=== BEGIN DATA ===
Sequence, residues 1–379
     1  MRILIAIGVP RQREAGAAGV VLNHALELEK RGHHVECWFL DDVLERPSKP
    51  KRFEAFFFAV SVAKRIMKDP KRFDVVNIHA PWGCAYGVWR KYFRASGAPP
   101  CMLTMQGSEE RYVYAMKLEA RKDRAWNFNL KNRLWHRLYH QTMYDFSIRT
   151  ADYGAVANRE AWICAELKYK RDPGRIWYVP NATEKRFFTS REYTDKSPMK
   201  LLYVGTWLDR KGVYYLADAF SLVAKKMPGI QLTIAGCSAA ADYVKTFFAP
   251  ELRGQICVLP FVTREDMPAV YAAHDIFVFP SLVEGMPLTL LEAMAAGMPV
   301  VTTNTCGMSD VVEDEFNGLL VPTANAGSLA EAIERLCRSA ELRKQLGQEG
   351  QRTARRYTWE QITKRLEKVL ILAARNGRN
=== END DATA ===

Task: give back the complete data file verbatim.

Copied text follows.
Sequence, residues 1–379
     1  MRILIAIGVP RQREAGAAGV VLNHALELEK RGHHVECWFL DDVLERPSKP
    51  KRFEAFFFAV SVAKRIMKDP KRFDVVNIHA PWGCAYGVWR KYFRASGAPP
   101  CMLTMQGSEE RYVYAMKLEA RKDRAWNFNL KNRLWHRLYH QTMYDFSIRT
   151  ADYGAVANRE AWICAELKYK RDPGRIWYVP NATEKRFFTS REYTDKSPMK
   201  LLYVGTWLDR KGVYYLADAF SLVAKKMPGI QLTIAGCSAA ADYVKTFFAP
   251  ELRGQICVLP FVTREDMPAV YAAHDIFVFP SLVEGMPLTL LEAMAAGMPV
   301  VTTNTCGMSD VVEDEFNGLL VPTANAGSLA EAIERLCRSA ELRKQLGQEG
   351  QRTARRYTWE QITKRLEKVL ILAARNGRN